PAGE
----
Excerpt from a first draft long forgotten

 

Abby arrives at the front door with the new day. She does not knock before entering into the cool kitchen because she does not have to; the door is never locked unless both of them are away, far out of town. The lights are all off, and the only sound she hears is the sound of sleep. There is only the cat to greet her. The grey majesty appears from someplace hidden, pausing between living room and kitchen just long enough to yawn and stretch before leaping onto the forbidden table. She meets him there, moving more lightly than he; the old wood groans beneath his weight as he swaggers back and forth. His boisterous purr vibrates against her hands as she strokes him from head to tail.

“Melvin Cornelius, you fat boy! You’ve got your motor running so loud, you’re gonna wake up your mama!”

But his mama is already awake. Abby has a distinct scent that Lindy’s nose can detect even in her sleep. The redolence of white musk and smoldering tobacco had easily breached her sunlit dream; in an instant, she was drawn out of her subconscious and into awareness, though she was not startled. She now lies still against the warm body beside her, watching the rise and fall of the cotton sheets; two pairs of lungs breathing deep even breaths. She wishes to be lulled by the quiet rhythm, forget the madness ahead of her for just a while longer, but the reek of cheap perfume and cigarettes is growing stronger; Abby is entering the hallway, and at any moment will peek into her darling girl’s bedroom. She closes her eyes—a childish game. The early sun is shining through the thinly dressed window; she can see orange-pink light through eyelids shut tight.

“Lindy. It’s time to wake up, Lindy Star.” The cadence of her sing-song voice is hardly audible. Lindy pretends not to hear. On the other side of the windowpane, Mother Nature is also singing. “Wake up, Lindy Star. Get out of bed.”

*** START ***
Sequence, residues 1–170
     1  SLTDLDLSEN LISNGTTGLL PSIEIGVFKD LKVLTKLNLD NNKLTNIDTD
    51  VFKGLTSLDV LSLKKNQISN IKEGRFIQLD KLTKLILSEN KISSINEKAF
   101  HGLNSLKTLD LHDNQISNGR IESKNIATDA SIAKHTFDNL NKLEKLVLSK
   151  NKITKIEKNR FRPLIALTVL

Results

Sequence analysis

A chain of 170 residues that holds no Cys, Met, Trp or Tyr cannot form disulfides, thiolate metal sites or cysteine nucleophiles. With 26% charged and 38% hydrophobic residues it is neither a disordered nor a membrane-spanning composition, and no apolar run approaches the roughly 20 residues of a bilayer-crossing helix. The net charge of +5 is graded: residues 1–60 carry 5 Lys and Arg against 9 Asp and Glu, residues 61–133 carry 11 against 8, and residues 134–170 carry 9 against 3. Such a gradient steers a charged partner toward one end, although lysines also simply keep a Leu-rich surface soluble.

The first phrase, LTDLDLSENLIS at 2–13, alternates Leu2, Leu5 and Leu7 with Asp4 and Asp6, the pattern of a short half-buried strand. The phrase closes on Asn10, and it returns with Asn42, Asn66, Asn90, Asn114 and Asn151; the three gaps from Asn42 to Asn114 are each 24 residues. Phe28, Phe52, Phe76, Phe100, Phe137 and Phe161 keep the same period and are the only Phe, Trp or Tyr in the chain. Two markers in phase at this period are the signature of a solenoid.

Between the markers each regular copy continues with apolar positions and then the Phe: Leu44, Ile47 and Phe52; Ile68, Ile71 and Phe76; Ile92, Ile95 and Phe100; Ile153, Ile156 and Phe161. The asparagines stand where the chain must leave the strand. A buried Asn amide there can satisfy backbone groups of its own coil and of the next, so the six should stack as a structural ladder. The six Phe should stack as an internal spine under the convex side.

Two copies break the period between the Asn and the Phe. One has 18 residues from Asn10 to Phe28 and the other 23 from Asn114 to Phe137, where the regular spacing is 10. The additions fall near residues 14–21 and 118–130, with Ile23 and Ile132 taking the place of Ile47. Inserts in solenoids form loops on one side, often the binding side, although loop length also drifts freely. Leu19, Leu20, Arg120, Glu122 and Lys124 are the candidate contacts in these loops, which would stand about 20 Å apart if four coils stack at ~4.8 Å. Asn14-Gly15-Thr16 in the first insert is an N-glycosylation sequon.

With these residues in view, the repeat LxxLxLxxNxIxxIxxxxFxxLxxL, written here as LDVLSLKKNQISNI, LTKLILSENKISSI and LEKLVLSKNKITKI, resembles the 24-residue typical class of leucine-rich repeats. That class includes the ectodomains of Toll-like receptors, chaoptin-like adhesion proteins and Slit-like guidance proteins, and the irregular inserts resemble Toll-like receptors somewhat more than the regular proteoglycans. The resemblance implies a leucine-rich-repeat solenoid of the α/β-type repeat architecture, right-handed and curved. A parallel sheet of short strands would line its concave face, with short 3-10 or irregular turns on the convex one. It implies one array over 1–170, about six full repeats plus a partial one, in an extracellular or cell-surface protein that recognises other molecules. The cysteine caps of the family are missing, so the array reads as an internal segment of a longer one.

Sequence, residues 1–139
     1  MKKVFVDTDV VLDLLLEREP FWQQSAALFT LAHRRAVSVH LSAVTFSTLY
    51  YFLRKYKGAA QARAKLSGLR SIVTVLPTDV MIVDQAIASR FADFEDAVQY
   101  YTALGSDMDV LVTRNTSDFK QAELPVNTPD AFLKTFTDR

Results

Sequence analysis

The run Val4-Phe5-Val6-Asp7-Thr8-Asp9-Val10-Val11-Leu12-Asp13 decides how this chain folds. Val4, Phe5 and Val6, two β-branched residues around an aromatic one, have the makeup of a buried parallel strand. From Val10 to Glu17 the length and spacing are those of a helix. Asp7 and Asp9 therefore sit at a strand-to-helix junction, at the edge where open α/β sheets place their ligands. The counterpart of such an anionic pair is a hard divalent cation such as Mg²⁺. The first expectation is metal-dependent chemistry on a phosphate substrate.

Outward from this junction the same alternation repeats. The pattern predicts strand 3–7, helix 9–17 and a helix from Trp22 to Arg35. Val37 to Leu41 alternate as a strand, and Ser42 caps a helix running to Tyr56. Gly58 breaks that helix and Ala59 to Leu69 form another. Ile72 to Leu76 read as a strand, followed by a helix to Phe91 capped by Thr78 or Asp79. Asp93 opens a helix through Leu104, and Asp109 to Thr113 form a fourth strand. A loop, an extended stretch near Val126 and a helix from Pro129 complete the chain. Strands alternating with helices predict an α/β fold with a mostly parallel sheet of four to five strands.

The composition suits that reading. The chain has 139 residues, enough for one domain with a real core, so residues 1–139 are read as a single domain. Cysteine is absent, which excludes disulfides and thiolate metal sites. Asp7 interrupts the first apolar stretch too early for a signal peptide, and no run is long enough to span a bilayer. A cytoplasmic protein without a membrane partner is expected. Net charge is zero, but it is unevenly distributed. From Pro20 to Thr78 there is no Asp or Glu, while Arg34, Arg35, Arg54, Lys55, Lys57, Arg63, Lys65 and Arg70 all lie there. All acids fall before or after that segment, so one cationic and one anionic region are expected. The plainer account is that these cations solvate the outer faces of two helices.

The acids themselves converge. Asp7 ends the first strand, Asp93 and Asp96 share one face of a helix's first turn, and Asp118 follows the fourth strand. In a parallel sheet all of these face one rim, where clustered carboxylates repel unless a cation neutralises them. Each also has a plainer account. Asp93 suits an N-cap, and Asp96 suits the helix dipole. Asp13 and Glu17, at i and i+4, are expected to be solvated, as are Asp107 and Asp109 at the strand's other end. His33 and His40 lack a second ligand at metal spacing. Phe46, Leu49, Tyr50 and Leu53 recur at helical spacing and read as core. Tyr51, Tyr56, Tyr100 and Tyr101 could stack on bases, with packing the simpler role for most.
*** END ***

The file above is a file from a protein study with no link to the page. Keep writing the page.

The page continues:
I don’t want to get out of bed. I want to stay here and go back to my dreaming. But Lindy can feel her burden resting at the foot of the mattress—there will be no more dreaming this dawn.

Advertisements

11 thoughts on “Excerpt from a first draft long forgotten

  1. After a long, long day…bed calls…so excuse if this is me, or is their a tense shift in this section?
    The redolence of white musk and smoldering tobacco had easily breached her sunlit dream; in an instant, she was drawn out of her subconscious and into awareness, though she was not startled.

    Very nice!

    Liked by 1 person

Leave a Reply

Please log in using one of these methods to post your comment:

WordPress.com Logo

You are commenting using your WordPress.com account. Log Out / Change )

Twitter picture

You are commenting using your Twitter account. Log Out / Change )

Facebook photo

You are commenting using your Facebook account. Log Out / Change )

Google+ photo

You are commenting using your Google+ account. Log Out / Change )

Connecting to %s